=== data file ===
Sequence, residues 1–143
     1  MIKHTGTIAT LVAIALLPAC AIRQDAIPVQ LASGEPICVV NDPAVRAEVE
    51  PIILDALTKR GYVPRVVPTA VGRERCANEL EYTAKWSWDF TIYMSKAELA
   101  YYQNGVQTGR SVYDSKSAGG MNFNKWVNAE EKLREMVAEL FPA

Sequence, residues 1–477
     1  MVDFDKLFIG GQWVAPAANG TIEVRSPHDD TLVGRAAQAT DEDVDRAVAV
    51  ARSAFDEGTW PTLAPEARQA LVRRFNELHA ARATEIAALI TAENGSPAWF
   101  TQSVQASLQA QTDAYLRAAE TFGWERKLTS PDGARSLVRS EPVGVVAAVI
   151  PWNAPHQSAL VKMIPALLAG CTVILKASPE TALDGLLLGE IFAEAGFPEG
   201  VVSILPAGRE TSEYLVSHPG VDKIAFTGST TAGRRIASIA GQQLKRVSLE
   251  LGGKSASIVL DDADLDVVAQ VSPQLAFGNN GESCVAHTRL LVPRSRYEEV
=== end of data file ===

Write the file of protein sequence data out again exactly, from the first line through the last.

Sequence, residues 1–143
     1  MIKHTGTIAT LVAIALLPAC AIRQDAIPVQ LASGEPICVV NDPAVRAEVE
    51  PIILDALTKR GYVPRVVPTA VGRERCANEL EYTAKWSWDF TIYMSKAELA
   101  YYQNGVQTGR SVYDSKSAGG MNFNKWVNAE EKLREMVAEL FPA

Sequence, residues 1–477
     1  MVDFDKLFIG GQWVAPAANG TIEVRSPHDD TLVGRAAQAT DEDVDRAVAV
    51  ARSAFDEGTW PTLAPEARQA LVRRFNELHA ARATEIAALI TAENGSPAWF
   101  TQSVQASLQA QTDAYLRAAE TFGWERKLTS PDGARSLVRS EPVGVVAAVI
   151  PWNAPHQSAL VKMIPALLAG CTVILKASPE TALDGLLLGE IFAEAGFPEG
   201  VVSILPAGRE TSEYLVSHPG VDKIAFTGST TAGRRIASIA GQQLKRVSLE
   251  LGGKSASIVL DDADLDVVAQ VSPQLAFGNN GESCVAHTRL LVPRSRYEEV